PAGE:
Module 1The Warehousing Industry - Occupational Safety and ...
Module 1 The Warehousing Industry Industry overview and hazards related to pallet racking operations Disclaimer This material was produced under Grant SH-26328SH4 from the Occupational Safety and Health Administration, U.S. Department of Labor.
It does not necessarily reflect the views or policies of the U.S. Department of Labor, nor does mention of trade names, commercial products, or organizations imply endorsement by the U.S. Government. Purpose This presentation is meant to: Introduce students to the warehousing industry and pallet racking operations Discuss common OSHA regulations
Give an overview of related hazards Objectives/Outcomes At the end of the presentation, students will Understand the size and scope of the warehousing industry Be able to identify common OSHA regulations related to the industry Have an understanding of the complexity and hazards in the industry
Before we begin. Pre-test What is Warehousing? Insert a warehousing video here What is Warehousing? According to BLS.gov
Operating warehousing and storage facilities for general merchandise, refrigerated goods, and other warehouse products. These establishments provide facilities to store goods. They do not sell the goods they handle. These establishments take responsibility for storing the goods and keeping them secure. They may also provide a range of services, often referred to as logistics services, related to the distribution of goods. Logistics services can include labeling, breaking bulk, inventory control and management, light assembly, order entry and fulfillment, packaging, pick and pack, price marking and ticketing, and transportation arrangement. However, establishments in this industry group always provide warehousing or storage services in addition to any logistic services. Furthermore, the warehousing or storage of goods must be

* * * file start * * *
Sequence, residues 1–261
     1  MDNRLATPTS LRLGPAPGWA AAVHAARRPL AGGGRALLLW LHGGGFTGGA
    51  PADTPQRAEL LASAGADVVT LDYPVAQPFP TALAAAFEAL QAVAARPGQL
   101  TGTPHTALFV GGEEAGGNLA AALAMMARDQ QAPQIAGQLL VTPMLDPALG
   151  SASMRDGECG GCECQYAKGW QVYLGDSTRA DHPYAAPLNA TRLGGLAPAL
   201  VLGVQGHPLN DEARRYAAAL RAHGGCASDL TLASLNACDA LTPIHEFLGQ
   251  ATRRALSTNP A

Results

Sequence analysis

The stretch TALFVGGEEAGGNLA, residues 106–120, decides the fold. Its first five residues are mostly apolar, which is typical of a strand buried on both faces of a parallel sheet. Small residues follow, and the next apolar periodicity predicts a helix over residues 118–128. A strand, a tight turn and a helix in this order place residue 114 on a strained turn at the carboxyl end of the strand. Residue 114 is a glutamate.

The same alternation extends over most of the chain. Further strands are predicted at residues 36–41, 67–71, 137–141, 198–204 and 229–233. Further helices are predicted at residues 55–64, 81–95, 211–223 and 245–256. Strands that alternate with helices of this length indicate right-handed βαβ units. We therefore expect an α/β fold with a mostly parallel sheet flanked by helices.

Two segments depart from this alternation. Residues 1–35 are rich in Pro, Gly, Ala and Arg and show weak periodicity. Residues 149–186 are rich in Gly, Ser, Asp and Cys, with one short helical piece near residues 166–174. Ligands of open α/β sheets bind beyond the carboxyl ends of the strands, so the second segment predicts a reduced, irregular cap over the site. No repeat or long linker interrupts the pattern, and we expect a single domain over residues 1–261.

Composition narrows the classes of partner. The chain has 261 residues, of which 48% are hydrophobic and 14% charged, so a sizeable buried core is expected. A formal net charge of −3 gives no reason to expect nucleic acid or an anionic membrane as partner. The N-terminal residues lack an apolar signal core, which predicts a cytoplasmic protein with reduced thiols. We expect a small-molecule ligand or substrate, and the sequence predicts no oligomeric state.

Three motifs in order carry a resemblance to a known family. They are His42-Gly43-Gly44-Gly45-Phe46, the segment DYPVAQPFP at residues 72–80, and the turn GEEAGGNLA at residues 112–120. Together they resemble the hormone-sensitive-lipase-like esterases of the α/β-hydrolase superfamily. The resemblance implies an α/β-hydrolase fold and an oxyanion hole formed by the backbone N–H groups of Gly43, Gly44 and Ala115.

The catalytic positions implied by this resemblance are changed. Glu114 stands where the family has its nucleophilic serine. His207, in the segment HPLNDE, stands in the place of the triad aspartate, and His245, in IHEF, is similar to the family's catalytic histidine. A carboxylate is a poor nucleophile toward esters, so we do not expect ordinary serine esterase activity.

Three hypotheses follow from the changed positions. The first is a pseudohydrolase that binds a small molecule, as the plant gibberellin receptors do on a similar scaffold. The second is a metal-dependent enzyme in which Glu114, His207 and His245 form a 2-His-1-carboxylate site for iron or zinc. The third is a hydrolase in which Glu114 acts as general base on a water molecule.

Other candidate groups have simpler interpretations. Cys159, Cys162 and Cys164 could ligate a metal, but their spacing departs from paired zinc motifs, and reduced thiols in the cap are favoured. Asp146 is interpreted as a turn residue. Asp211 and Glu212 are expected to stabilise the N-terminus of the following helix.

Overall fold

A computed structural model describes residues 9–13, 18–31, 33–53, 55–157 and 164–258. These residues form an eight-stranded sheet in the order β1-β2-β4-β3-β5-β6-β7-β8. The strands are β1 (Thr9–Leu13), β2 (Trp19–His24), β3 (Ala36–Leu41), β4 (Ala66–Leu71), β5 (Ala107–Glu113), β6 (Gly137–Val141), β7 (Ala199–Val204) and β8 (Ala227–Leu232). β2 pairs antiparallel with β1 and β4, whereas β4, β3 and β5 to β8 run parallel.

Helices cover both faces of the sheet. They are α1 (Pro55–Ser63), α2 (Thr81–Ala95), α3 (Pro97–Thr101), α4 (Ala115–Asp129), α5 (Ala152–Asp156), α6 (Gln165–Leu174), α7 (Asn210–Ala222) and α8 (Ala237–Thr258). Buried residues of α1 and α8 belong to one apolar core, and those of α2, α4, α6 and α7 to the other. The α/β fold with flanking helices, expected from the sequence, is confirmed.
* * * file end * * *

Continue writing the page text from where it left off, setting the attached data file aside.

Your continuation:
What is Warehousing? Warehousing and Storage is a subsector of transportation and warehousing Millions of pounds of materials and goods are managed each day in warehouses Warehousing Statistics for 2013
(www.bls.gov) Warehousing Salaries Laborers, freight, stock and materials movers $14.25/hour Shipping, receiving and traffic clerks - $15.45/hour Stock clerks and order fillers - $15.01/hour Transportation, storage and distribution managers Warehousing Statistics for 2013 ( www.bls.gov) Number of job openings